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Consumers ditch websites with poor privacy policies


By Stewart Mitchell

Posted on 18 Jan 2012 at 17:38

Websites need to rethink their privacy policies as consumers ditch those that hide data rules or leak information, according to research from Forrester.

The analyst found that a growing number of consumers were reading how companies dealt with their privacy and voting with their feet if they didn’t like what they saw.

“A leaky, bloated, or hidden privacy policy and/or terms-of-use statement will cost your organisation substantial revenues,” said report author Fatemeh Khatibloo.

“A surprising number of consumers ‘just say no’ if a privacy policy doesn't pass their sniff test, and the numbers seem to be rising.”

The research questioned 37,000 North American consumers, finding that older web users were most likely to read and act on privacy policies.

Most marketers can’t afford to lose valuable customer segments, but they are at risk of doing so if they retain the privacy policies they’ve been leaning on

In response to the question “Have you ever not completed an online transaction with a company because of something you read in the company’s terms of use or privacy policy?” more than half of respondents over 55 said they had.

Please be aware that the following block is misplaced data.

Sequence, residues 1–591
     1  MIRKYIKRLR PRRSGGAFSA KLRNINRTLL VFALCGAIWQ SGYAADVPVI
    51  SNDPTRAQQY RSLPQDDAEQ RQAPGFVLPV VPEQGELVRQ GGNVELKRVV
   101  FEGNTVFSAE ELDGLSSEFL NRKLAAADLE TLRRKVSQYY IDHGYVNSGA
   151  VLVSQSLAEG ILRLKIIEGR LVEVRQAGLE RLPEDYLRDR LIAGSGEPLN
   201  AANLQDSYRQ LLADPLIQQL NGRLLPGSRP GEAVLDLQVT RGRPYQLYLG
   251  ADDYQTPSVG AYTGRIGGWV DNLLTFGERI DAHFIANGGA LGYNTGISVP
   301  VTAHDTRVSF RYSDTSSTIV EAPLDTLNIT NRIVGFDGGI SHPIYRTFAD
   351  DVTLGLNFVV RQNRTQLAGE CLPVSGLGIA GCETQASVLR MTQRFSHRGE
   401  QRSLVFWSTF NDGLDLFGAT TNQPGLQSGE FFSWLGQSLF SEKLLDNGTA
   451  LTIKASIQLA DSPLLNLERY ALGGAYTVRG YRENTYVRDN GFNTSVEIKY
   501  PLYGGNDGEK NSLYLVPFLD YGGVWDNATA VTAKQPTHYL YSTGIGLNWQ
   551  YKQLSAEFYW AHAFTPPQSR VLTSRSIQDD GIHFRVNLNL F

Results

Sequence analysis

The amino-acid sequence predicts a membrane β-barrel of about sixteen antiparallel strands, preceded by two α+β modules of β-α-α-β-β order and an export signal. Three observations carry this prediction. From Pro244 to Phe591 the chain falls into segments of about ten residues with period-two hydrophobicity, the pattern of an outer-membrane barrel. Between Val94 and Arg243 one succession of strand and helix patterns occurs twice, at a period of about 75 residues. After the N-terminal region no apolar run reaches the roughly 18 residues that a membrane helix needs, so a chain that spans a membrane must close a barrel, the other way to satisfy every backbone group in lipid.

The increase in awareness was illustrated by the fact that the same question posed to over 55s in 2008 saw only 40% of people ditch a transaction because of privacy concerns.

Overall, the number of people who had left a site due to privacy policy fears has risen from 38% to 44%, reflecting increased awareness over the last three years, Forrester said.

Although the walk-away rate was lower among younger web users, Forrester said companies and websites should be aware that these customers were likely to change their attitudes.

“Most marketers can’t afford to lose valuable customer segments, but they are at risk of doing so if they retain the privacy policies they’ve been leaning on for the past several years,” Khatibloo said.

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User comments

Likelihood linked to free time?

Considering most agreements are a few hundred lines long, I assume actually having (or at least believing you have) the time to thoroughly read them massively increases your odds of spotting something you find unacceptable.

By dubiou on 19 Jan 2012

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